• Healthcare is the number one concern of both urban and rural consumers, but for different reasons. With the national healthcare reform programme still being rolled out, it is not surprising that health is a big concern. Among rural respondents, 84% cited health as their greatest concern for the future, and they were most worried about the cost of healthcare: 61% cited cost as the biggest healthcare issue facing their household. Of the relatively well-off urban survey respondents, 60% said they were concerned about health in the future. But their concerns were the opposite of those in the countryside—49% cited the quality of doctors and hospitals as their biggest health-related challenge, with only one-third concerned about cost.
  • To encourage rural consumption, more needs to be done to address basic concerns. The farming households surveyed showed a  relatively weak inclination to consume—few were planning to upgrade the goods they already owned, or to make more expensive purchases in the near term. More than 40% of the rural survey respondents said their greatest desire for the next ten years was to see their children go to university. This ranked far ahead of a new home (22%) or any other desire. This finding reflects our rural respondents' vision of the future: only 21% want to give up farming, but a staggering 95% said they did not expect their children to be farmers. Moreover, 72% said they planned to rely on their children financially in old age. Overall, this suggests that more needs to be done to address rural respondents’ broader concerns about the future before programmes aimed at stimulating consumer demand can be more effective.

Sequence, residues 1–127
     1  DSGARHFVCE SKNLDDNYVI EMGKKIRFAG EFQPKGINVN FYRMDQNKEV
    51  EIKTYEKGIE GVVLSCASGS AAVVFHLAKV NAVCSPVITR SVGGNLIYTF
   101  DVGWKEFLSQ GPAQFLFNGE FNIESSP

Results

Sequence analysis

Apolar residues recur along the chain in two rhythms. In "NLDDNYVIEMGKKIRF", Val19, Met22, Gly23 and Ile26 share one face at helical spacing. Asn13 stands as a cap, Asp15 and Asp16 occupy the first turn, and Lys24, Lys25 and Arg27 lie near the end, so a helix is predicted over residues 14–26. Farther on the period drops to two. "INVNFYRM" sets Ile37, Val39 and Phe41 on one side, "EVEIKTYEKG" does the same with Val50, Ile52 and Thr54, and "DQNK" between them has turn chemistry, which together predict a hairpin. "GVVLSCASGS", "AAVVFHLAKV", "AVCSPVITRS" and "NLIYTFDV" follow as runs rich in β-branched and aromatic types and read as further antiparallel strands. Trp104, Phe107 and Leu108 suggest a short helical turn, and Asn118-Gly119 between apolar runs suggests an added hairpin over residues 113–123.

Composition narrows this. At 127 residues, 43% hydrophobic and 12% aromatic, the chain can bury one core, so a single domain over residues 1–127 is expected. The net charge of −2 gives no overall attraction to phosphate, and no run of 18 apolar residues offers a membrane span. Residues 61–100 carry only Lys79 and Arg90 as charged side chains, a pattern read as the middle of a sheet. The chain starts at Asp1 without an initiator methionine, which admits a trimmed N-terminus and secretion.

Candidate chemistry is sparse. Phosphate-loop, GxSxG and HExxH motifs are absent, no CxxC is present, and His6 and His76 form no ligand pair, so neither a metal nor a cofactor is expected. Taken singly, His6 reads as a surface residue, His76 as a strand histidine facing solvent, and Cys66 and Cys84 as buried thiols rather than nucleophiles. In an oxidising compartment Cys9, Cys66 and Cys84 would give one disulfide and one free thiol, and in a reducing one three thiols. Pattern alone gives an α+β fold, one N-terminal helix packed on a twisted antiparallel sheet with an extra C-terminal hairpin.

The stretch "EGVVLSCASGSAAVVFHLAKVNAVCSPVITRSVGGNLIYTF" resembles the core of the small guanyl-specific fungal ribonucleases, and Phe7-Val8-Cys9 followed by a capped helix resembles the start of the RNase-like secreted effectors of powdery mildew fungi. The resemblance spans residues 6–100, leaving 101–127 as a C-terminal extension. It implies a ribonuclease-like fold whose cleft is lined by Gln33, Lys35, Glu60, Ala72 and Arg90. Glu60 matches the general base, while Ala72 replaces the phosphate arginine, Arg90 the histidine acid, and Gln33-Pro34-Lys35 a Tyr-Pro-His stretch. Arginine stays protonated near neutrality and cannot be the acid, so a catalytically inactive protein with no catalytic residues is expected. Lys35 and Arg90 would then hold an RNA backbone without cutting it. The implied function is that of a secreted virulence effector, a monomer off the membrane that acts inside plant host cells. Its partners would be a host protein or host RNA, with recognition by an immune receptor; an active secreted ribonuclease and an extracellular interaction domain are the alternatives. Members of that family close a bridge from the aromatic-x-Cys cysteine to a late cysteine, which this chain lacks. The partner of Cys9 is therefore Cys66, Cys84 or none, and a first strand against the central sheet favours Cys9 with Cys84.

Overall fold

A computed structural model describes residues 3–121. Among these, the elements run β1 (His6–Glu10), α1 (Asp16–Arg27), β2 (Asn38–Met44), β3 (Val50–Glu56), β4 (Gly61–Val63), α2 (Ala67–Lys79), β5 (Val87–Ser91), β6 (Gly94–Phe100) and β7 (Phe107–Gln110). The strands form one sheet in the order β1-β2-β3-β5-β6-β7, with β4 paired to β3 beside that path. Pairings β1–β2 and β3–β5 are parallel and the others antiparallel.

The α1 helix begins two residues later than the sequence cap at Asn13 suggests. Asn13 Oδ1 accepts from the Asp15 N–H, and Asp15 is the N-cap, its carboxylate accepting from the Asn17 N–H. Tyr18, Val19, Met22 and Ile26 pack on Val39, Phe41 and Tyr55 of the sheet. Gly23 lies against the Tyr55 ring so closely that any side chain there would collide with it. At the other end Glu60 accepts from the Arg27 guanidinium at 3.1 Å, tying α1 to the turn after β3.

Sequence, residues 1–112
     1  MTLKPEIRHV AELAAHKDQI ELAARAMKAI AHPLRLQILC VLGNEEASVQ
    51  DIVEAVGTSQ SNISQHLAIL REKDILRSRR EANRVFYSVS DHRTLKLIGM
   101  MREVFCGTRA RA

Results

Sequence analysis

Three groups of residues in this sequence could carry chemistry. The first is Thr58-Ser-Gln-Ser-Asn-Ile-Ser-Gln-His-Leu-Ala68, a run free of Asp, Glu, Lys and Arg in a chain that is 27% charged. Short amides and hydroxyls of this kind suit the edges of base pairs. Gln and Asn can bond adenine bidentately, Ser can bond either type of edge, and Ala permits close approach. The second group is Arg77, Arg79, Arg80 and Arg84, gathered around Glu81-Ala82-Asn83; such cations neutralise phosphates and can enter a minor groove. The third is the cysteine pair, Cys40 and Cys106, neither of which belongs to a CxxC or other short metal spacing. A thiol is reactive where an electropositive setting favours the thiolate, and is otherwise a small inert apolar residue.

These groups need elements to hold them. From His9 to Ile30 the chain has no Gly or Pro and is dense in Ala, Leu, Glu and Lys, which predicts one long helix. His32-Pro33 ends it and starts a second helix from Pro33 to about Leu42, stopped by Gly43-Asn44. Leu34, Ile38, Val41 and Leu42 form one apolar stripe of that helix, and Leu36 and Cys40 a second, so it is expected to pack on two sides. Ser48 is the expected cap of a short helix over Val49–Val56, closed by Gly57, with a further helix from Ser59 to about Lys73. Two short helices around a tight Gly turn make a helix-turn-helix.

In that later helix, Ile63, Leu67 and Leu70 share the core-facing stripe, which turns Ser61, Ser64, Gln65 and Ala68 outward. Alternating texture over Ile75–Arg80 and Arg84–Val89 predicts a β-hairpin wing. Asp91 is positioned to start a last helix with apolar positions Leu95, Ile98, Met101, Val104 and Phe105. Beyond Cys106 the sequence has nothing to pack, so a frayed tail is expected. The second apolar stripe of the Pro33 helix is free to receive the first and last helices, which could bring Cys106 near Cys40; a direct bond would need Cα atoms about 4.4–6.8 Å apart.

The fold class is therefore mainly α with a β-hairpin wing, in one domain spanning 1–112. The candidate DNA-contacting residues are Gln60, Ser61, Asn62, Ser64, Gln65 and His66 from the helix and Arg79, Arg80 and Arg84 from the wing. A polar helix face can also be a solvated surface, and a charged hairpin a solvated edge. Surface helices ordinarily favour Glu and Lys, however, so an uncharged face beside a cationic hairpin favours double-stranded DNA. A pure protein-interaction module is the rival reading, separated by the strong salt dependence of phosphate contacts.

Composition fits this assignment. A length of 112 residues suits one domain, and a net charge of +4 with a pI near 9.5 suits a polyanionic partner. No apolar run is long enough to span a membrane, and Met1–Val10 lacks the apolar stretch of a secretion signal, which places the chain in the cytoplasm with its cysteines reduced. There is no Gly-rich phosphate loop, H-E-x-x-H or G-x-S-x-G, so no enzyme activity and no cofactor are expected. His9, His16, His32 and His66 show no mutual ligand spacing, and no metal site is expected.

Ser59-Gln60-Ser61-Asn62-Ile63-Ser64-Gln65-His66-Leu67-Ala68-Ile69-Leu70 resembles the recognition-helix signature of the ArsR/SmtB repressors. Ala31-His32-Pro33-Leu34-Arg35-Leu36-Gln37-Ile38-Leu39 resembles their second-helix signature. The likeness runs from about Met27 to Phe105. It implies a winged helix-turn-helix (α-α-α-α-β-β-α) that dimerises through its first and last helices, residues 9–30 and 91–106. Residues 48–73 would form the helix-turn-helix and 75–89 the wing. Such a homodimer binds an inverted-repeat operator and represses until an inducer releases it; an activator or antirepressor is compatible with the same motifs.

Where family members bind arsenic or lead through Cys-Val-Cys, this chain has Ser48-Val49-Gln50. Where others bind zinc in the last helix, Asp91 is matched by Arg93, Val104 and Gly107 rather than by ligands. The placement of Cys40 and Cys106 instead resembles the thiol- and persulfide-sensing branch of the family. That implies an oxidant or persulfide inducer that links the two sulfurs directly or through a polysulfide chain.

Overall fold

The surveys, conducted between December 2009 and March 2010, spoke to two very different groups of consumers, encompassing some (but by no means all) of the diversity within China. In one group are relatively well-off urbanites (1,650 households across 50 cities). In income terms, the sample falls in the top 21% of the population in cities. The respondents all have white collar jobs, own at least one property and have at least one-third of their income available for discretionary spending. With fairly secure finances, high education levels and few material wants, this group should be feeling very confident. In the other group are relatively low-income farming households. The 1,001 rural households surveyed largely make their living selling agricultural products, not from working in a factory or on a construction site. While relatively poor compared to the urban sample, the rural consumers who participated in our survey are no less important. They have been the focus of efforts by the government to reduce the gap between urban and rural living standards, and are also the target of stimulus programmes specifically aimed at encouraging more private consumption by rural households.